State auctions piece of circ land, retains 750 acres

‘We’ve never said it won’t be built’

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By Jason Starr
The Colchester Sun

The Vermont Agency of Transportation is selling off a small percentage of the land it acquired over a period of decades to build a circumferential highway through Chittenden County. But the agency plans to retain its remaining roughly 750 acres associated with the project, despite the highway’s apparent demise.

Gov. Peter Shumlin announced shortly after taking office in 2011 that his administration will not complete the long-planned “circ.” The four-mile stretch in Essex (Route 289) is the only one of three planned legs to be built. The state still controls 364 acres of right-of-way in Essex, Williston and Colchester for the highway, according to the Agency of Transportation. It also owns 393 acres of land outside the right-of-way — including four parcels in Essex, Jericho and Richmond — acquired as mitigation to offset the potential environmental impacts of the highway.

Opposition from environmental groups and the Environmental Protection Agency underpinned Shumlin’s decision to abandon the concept.

Sporadically, private property owners who sold easements to the state to make way for the highway have queried Agency of Transportation (VTrans) officials about getting their property back, or being allowed to use it in some way, according to VTrans Right of Way Chief Robert White.

Colchester’s Ray Wells owns property near Severance Corners that is bisected by the circ right-of-way. Since Shumlin’s abandonment of the project, Wells has pushed the state to return circ land to its original owners, to sell it, or to use it for a public amenity, such as a bike path.

“The land is not available to anyone for any purpose,” Wells wrote in a letter to The Colchester Sun earlier this year. “Allowing prime, valuable land to go dormant is to the determent of all the people of Colchester.”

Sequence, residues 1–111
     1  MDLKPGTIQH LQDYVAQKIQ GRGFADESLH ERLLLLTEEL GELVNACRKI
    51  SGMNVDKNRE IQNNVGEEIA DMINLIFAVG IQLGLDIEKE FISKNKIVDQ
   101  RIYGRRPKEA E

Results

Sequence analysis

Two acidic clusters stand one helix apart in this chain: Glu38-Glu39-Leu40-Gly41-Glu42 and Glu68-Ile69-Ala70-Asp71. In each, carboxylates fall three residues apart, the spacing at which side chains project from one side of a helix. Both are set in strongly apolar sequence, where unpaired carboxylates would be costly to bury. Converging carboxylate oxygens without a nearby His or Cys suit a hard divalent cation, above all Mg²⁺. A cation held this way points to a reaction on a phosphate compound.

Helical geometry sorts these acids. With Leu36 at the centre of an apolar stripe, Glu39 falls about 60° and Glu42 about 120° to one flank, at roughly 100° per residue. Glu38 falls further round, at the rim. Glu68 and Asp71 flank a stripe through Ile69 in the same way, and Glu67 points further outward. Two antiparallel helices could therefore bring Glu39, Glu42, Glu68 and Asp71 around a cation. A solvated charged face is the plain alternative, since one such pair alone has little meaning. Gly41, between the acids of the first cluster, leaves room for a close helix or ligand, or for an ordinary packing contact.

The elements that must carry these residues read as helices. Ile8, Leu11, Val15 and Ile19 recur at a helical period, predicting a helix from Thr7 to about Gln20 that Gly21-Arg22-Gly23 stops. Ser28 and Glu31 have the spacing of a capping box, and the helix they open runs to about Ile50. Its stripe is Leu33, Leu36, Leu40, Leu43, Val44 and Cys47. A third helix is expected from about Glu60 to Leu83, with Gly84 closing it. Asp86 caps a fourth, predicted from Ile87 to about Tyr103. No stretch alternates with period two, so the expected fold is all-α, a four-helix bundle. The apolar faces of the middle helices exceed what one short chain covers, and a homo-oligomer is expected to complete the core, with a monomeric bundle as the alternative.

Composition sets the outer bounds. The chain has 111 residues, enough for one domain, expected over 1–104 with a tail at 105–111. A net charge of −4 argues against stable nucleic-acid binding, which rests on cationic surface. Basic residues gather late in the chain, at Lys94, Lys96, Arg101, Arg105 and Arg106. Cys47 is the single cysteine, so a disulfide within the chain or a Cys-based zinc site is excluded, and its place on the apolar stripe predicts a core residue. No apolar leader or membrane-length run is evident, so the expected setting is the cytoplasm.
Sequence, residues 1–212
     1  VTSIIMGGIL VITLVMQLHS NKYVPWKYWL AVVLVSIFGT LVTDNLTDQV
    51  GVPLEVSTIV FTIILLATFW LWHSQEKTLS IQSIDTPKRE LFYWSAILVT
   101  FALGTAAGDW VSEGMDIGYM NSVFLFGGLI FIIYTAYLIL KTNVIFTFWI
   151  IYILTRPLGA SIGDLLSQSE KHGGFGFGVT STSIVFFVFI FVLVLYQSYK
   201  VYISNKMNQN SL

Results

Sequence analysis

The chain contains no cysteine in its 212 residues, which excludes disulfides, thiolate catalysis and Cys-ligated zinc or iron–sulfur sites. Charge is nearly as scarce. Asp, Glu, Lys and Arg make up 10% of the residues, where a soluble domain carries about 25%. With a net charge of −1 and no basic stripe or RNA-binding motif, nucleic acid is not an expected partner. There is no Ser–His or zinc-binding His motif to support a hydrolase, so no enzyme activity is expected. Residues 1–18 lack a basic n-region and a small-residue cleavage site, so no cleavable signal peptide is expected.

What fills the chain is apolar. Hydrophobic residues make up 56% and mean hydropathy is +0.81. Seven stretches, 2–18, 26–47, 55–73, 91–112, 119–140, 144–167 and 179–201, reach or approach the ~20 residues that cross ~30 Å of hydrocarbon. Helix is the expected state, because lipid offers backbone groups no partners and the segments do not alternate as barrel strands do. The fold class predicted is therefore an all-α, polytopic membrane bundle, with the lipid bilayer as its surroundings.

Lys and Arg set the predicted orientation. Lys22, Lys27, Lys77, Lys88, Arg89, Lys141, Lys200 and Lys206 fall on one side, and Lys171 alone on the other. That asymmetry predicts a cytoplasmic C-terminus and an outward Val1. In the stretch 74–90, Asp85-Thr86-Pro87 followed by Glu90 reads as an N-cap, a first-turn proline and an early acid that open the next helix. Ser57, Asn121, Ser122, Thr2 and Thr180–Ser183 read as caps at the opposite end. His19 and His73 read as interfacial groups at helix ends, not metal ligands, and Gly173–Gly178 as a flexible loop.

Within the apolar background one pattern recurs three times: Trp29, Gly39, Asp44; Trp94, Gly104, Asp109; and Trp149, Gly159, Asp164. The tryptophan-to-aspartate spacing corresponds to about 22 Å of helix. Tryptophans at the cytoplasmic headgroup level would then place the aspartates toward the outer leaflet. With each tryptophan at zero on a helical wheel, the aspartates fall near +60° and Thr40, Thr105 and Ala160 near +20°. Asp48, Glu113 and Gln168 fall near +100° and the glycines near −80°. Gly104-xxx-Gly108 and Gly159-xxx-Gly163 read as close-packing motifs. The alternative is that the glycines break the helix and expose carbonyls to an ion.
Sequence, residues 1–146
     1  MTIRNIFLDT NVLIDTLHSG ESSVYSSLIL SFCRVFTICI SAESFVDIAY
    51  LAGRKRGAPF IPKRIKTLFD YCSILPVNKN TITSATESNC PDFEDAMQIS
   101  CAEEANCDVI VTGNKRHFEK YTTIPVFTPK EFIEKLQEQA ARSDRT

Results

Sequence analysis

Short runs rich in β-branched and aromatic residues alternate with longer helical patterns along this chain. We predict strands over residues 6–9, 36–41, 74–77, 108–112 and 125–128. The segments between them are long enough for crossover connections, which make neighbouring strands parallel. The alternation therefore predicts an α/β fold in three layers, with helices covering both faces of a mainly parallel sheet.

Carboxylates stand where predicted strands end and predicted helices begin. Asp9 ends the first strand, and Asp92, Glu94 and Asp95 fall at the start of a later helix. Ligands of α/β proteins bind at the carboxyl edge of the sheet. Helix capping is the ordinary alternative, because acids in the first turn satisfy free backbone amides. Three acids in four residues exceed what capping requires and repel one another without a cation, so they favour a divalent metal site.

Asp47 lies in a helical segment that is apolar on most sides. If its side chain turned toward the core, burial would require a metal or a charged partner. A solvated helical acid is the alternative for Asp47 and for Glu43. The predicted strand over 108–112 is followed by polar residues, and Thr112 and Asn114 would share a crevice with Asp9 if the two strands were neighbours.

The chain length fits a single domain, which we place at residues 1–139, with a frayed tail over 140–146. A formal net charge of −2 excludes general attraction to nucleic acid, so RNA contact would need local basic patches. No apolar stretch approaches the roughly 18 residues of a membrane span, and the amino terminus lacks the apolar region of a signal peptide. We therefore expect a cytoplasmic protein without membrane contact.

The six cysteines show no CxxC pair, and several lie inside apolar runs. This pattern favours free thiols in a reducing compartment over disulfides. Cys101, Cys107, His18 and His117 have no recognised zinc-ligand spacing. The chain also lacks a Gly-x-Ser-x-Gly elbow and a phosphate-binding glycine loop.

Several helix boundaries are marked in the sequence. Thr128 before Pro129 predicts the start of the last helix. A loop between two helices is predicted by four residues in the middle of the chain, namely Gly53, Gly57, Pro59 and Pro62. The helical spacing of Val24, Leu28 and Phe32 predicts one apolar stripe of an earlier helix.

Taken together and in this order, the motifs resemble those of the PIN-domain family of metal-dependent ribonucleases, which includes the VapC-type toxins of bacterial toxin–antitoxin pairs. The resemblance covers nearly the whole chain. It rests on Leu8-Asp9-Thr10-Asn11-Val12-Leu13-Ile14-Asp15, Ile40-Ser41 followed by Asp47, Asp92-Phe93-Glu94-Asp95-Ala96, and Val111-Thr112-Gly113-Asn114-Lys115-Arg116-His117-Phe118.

Among the circ-associated land the state owns in Essex is a 31-acre parcel at 87 Towers Road. The parcel is an exception compared to other circ land in that a house is built on it. The state subdivided 6 acres on which the house sits and attempted to auction it off on Monday.

“We didn’t want to become landlords,” VTrans Right-of-Way Acquisition Chief Bruce Melvin said of the two-bedroom home, which has been subject to vandalism and theft since VTrans acquired it in 2010.

The auction produced no bids, Melvin said, and the agency reduced the asking price to $200,000. The property is currently on the market.

Despite the Shumlin administration’s lack of interest in the circ, VTrans officials are not ready to close the book on the project. According to White, if the state abandons the idea with more finality, it could be on the hook to repay the federal government for federal money used to acquire the right-of-way.

“We’ve never said it won’t be built,” White said. “We’re just not working on it.”

Dick Mazza, the Colchester senator who chairs the Senate Transportation Committee, prefers the state retain circ land and transition it to a different public use.

“When you go through all that right-of-way acquisition, you hate to give it up,” Mazza said. “It was going to be a highway, and I would still like to see it benefit the area.”

Persistent questions from property owners who sold easements for the road have prompted VTrans to initiate an inventory of and management plan for all of its circ land. The management plan will open the door to potential land sales, public improvements and/or private uses, White said.

“We always want to try to put land back on the tax rolls that don’t have mitigation or transportation use,” he said.

White estimates the management plan will be complete in 2016.